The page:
16, 9.1, 6.6, 4.2, 5.3, 6.9, 5.6, 9.9, 14.2, 16.6, 18.6, 19.1, 
15.5, 11.7, 6.3, 3.2, 4.4, 3.9, 8.8, 7.7, 11.7, 16.8, 17.5, 18.2, 
15.6, 11.3, 9.3, 2.5, 5.3, 4.7, 5.4, 10.2, 11.5, 16.4, 17.3, 
18.1, 15.2, 10.3, 8.7, 2.6, -0.9, 4.5, 7.1, 9.6, 13.5, 17.1, 
17.1, 17.5, 15.6, 10.6, 7.6, 1.1, 0.7, 4.5, 7.3, 8.2, 10.3, 16.8, 
19.3, 16.9, 15.5, 10.8, 6.6, 3.7, -0.2, -0.1, 7.7, 10.6, 13.1, 
16.7, 18.1, 18.7, 16.7, 13.2, 5.5, 4.8, 4.8, 5.3, 8, 11.5, 14.2, 
16.4, 19.2, 19.2, 16, 12.4, 5.9, 3.4, 5.1, 2.2, 5.1, 11.1, 13.4, 
16, 18.6, 20.6, 15.2, 10.1, 7.1, 3.4, -1, 7.1, 8.4, 11.9, 14.8, 
17.8, 20, 18.1, 16.7, 12.3, 6.5, 4.8, 1.7, 6.4, 6.7, 11.2, 13.1, 
15.7, 18.9, 17.9, 16.2, 11.3, 7.1, 2.1, 1, 1.3, 7.3, 11.3, 14.8, 
17.9, 20.4, 20.9, 17.6, 12.1, 8.3, 3.8, 5.7, 4.5, 9.5, 10.4, 
14, 15.8, 17, 17.8, 15.5, 11.4, 7.2, 4.6, 4.5, 5.4, 5.7, 11.7, 
12.2, 16.8, 20.6, 19.8, 18.6, 13.4, 6.4, 5.1, 3, 6.4, 8, 8.7, 
14.2, 18.3, 20.2, 18.6, 15.2, 11.4, 7.4, 1.1, 4.6, 4.7, 5.8, 
9.1, 11.8, 16.1, 18.7, 17.5, 16.5, 10.5, 8.7, 4.9, 2.7, 2.8, 
8.1, 11.2, 14.5, 17.9, 20.2, 18.9, 13.1, 10.9, 5.5, 3.5, 1.1, 
3, 7.5, 10.1, 14.8, 15.4, 18, 18.8, 16.2, 12.1, 7, 6.8, 1.7, 
2.3, 7.5, 8.6, 12.6, 16, 16.4, 16.9, 15.5, 12.4, 8, 6.2, 4.4, 
3.6, 4.6, 10.3, 12.5, 16.4, 19.1, 19.2, 15.7, 10.4, 6.7, 6.4, 
4.4, -1.8, 6.7, 8.1, 13.8, 14.4, 17.8, 16.4, 16.4, 10.6, 5.3, 
5.2, 3.1, 6.9, 9.8, 9.6, 11.5, 17, 18.5, 17.6, 15.1, 11.8, 6.8, 
3.6, 3.7, 6.2, 4.9, 7.9, 13.9, 15.6, 17.9, 18.4, 17.3, 11.4, 
6.7, 5.1, 3.4, 4.5, 8.6, 10.2, 13.8, 17, 20.3, 18.9, 17.2, 12.2, 
6.8, 5.7, 3.5, 5, 8, 9.6, 14.5, 17.6, 16.8, 17.3, 14.5, 11.1, 
8.4, 3.5, 3.6, 7.6, 8.3, 11.7, 12.5, 16.6, 17.7, 18, 18.5, 12.3, 
6.4, 4.5, 4.8, 3.7, 3.9, 9.1, 11.5, 15.8, 17.6, 18.6, 15.5, 11.9,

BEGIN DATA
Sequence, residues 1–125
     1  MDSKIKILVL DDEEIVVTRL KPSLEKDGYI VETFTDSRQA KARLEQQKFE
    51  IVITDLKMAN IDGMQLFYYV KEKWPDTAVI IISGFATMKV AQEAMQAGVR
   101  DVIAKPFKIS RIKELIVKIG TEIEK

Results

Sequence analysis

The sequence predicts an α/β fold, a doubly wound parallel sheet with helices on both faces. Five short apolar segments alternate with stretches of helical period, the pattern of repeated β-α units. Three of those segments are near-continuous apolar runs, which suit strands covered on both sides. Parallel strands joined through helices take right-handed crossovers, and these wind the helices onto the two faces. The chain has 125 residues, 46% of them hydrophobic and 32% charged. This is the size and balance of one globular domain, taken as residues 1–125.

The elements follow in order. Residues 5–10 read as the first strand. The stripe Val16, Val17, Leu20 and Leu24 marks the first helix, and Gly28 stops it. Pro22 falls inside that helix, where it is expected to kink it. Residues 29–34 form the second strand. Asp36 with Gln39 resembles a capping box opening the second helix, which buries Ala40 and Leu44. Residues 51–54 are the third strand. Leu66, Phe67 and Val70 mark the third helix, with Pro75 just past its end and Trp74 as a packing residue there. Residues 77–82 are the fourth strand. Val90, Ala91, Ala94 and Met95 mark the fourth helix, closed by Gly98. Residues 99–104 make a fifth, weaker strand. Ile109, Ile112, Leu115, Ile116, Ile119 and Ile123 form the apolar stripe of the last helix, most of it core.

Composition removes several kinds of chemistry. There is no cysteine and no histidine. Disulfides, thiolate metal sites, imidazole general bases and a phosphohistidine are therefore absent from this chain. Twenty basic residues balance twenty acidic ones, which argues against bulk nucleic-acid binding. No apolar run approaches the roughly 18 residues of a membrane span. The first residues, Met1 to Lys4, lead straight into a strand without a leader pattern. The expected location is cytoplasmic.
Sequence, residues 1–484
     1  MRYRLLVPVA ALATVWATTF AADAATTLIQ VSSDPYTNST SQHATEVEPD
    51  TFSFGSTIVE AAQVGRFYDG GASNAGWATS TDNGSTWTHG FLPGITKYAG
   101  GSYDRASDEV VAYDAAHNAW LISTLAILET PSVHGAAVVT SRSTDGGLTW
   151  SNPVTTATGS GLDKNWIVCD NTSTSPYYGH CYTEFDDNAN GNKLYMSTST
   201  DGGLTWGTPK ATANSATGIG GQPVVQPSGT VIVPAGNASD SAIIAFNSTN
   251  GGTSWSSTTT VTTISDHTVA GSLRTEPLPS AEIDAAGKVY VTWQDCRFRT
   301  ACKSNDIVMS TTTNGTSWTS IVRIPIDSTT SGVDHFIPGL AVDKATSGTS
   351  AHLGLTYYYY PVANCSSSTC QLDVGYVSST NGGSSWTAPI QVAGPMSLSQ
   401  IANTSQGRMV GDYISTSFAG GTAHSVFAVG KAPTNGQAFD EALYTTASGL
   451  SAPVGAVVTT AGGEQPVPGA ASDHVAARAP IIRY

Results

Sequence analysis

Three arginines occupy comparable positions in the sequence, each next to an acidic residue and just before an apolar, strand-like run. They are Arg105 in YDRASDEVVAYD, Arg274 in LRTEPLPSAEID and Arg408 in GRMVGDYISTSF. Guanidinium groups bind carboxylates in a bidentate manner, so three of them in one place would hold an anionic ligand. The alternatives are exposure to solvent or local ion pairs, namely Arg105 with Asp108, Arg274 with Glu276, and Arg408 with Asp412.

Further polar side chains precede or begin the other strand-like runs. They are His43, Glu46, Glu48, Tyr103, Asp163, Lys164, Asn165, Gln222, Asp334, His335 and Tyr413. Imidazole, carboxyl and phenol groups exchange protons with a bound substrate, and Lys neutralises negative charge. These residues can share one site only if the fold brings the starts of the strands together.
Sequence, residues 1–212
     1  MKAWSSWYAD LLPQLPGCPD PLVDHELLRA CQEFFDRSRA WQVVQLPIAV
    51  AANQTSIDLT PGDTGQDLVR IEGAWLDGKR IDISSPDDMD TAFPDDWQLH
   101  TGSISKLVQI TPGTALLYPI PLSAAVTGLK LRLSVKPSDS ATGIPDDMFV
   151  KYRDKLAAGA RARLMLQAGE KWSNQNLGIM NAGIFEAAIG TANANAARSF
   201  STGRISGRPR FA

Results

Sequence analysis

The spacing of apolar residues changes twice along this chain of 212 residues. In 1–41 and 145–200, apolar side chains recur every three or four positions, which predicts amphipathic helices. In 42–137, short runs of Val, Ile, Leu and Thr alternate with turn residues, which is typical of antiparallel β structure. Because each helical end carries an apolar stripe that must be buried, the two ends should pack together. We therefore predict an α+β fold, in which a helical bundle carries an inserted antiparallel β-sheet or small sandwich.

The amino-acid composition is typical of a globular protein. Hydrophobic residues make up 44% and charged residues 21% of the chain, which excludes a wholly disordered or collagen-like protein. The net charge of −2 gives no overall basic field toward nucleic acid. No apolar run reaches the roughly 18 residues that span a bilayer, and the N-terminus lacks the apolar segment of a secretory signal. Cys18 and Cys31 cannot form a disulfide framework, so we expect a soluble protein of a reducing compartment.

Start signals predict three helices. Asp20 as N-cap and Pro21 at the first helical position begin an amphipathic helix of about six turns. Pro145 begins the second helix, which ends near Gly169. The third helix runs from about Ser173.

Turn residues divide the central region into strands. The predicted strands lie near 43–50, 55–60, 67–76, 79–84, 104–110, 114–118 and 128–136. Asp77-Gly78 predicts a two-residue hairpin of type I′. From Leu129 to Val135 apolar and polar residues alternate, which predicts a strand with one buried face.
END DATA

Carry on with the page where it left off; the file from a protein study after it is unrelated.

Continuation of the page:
5.4, 1.3, -1.6, -0.3, 6.5, 9.6, 12.2, 15.8, 18.5, 16.5, 15.2, 
11.5, 9.3, 1.3, 1.5, 5.2, 5.6, 9.6, 14.5, 16.8, 19.6, 18.2, 16.7, 
9.6, 7.2, 3.2, 3.6, 1.7, 6.6, 8.7, 12.7, 16.1, 16.7, 17.1, 13.7, 
12.2, 6.3, 5.7, 2.6, 7.9, 6.2, 10.5, 13.2, 17, 16.8, 17.2, 16.6, 
12.7, 5, 5.3, 3.5, 5.5, 7.7, 8.8, 12.5, 15.6, 19.8, 18.1, 15.3, 
13.2, 7.1, 3, 3.3, 4.3, 6.8, 9.9, 11.8, 15.9, 17.8, 17.2, 15.1, 
13.5, 6.8, 3, 4.8, 2.1, 6.2, 9.2, 13.2, 15, 19.1, 18.1, 15.9, 
13.1, 7.1, 1.4, 4.1, 4.3, 4.4, 7.6, 12.8, 17.6, 17.8, 18.3, 16.6, 
11.3, 8.7, 2.6, 3.1, 4.2, 3.8, 10.5, 13.7, 14.8, 19.7, 18.7, 
15.7, 12.3, 5.8, 4.9, 3.2, 5.5, 7.9, 8.9, 11.7, 14.3, 18, 17.1, 
13.3, 10.9, 7.3, 4.5, 3, 3.4, 6.1, 7.6, 13.5, 17, 18.1, 19.9, 
16.7, 10.6, 6.8, 3.7, 6.2, 5.5, 7.3, 9.4, 12.5, 15.9, 17.7, 18.6, 
14.5, 8.2, 7.4, 6.8, 6.4, 5.5, 5.3, 9, 12.1, 15.9, 19.1, 19.8, 
16.1, 10.4, 6.7, 3.1, 4.1, 4.8, 6, 8.9, 14, 18.8, 20.1, 19, 14.8, 
11.8, 6.6, 3.1, 3.7, 6.6, 8.3, 8.3, 12.1, 14.8, 17.8, 16.9, 14.7, 
12.9, 7, 5.3, 3.3, 4, 7.2, 7.8, 12.3, 15.2, 17.3, 17.2, 15.6, 
11.8, 6.7, 5.1, 1.3, 4, 6.6, 8.2, 12.3, 16.5, 18.5, 17.1, 15.7, 
12.4, 6.7, 5.7, 2.2, 6.3, 6.2, 8.4, 11.9, 15, 16.4, 18.6, 16.5, 
10.8, 5.8, 3.1, 3.3, 2.9, 9.2, 10, 12.6, 16, 17.5, 18.8, 16.2,